Commemoration, Compassion & Community:
A Day-long Fundraiser for the Victims of Hurricane Katrina
Poetry, Music, Film, Theatre, Food
Sunday, September 11, 2005, 9 AM to 11 PM
Busboys & Poets
14th & V, NW, Washington DC
U Street/Cardozo Green line Metro
To benefit the People's Hurricane Fund/Young People's Project and the Southern Relief Fund of the Mississippi Workers Center for Human Rights, organizations led by and working directly with low-income communities of color in the effected areas.
All are invited to bring a poem to read - one of your own or any poem that speaks to you in these difficult times. The organizers will also have poems available to choose from, if you like.
The Man who ate his fingers :: A Fictional Story About the Stupidity of War and the Idiots Who Glorify It ::
by William John Cox
(Sunday August 28 2005)
"The future remains unsettled. With Sam’s notoriety and disability, he can no longer live on the street. A number of substantial offers have come in for him to sell his television, movie and book rights. He’s a survivor; I’m sure he will figure it out."
I can’t recall the first time I met Sam. I had seen him around the Times building for the past 15 years or so, and from time to time when he would see me on the street, he’d tell me one of my columns “was a good one.
Guest blogged by David Edwards
Here are a few video highlights from the latest edition of HBO's Real Time with Bill Maher.
In particular, Maher's weekly rant made the case for the removal of George W. Bush from the Office of President. Instead of calling for impeachment directly, Maher suggests a "California-style" recall election...
URL (Both Windows Media & Real video links):
Vote in Congress Wednesday on Inquiry into Bush War Lies
A Resolution of Inquiry into Bush's war lies (H Res 375) now has 70 co-sponsors. It will come to a vote in the House International Relations Commitee on September 14th, where it has the co-sponsorship of most of the Democrats and one Republican. To pass, it needs all the Democrats and three Republicans. The more Congress Members not on the committee who co-sponsor, the more likely some committee members are to vote yes. A substantial debate on the issue is expected. The committee meets in Room 2172, Rayburn House Office Building, at 10:30 a.m. this Wednesday.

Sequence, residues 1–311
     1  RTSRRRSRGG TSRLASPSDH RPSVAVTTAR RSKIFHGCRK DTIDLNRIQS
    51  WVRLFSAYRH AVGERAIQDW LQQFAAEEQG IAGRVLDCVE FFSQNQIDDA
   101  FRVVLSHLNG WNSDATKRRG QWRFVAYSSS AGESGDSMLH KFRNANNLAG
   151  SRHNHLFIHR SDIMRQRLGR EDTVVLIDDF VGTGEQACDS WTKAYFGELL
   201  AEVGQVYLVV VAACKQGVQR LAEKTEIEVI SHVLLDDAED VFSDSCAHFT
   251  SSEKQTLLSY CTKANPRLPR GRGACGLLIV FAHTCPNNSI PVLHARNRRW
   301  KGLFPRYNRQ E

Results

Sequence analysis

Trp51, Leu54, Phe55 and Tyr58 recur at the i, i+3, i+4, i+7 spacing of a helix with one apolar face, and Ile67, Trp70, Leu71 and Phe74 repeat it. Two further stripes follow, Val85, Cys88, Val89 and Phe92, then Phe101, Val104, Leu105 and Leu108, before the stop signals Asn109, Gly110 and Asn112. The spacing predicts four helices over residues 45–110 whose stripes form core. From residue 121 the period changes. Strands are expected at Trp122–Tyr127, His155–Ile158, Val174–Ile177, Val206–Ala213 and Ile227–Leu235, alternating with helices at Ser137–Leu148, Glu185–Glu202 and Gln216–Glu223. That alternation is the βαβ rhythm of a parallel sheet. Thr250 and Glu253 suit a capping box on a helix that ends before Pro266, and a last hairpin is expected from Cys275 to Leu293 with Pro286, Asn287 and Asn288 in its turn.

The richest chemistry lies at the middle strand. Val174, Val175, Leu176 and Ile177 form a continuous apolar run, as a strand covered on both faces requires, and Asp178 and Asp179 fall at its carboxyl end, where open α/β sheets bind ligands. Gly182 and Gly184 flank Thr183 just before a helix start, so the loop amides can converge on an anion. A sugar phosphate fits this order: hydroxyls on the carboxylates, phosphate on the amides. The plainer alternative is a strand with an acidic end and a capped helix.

Published on Saturday, September 10, 2005 by CommonDreams.org
By Blair Bobier
The Errorists have struck again. This time it was New Orleans; next time it could be your city.
Make no mistake about it: these insidious Errorists are deadly and determined to destroy the American way of life. They are the greatest threat to our nation’s survival.
Do not give the Errorists aid and comfort. Do not buy their lies and excuses. By no means should you vote for them.
George Bush is an Errorist. Dick Cheney and Karl Rove are, too.
International Terrorists have been blamed for the destruction of the World Trade Center where two thousand people died. But it was the Errorists who ignored the warnings of the impending attack, who failed to protect thousands of people in the Twin Towers and who let Osama Bin Laden slip away despite launching two wars and spending billions of dollars in pursuit of the “mastermind
By Steve Cobble
It was the worst of times, for right-wingers. Pundits were wondering if their political influence had faded completely, gone for good.
Their golden boy had just been trounced, extending a liberal reign that had begun with JFK's close, disputed presidential election.
The Democrats controlled both houses of Congress, and the Warren Court was in full stride.
LBJ & Dr. King & the liberals had pushed through the Civil Rights Act the year before, and in one short stretch in the summer of '65 also passed the Voting Rights Act and Medicare.
Liberal power was at its peak.
From the article Martial Flaw by Jonathan Cohn for The New Republic 09/02/05
(tnr.com, subscription required):
the day Cindy Sheehan, mother of a fallen American soldier, began her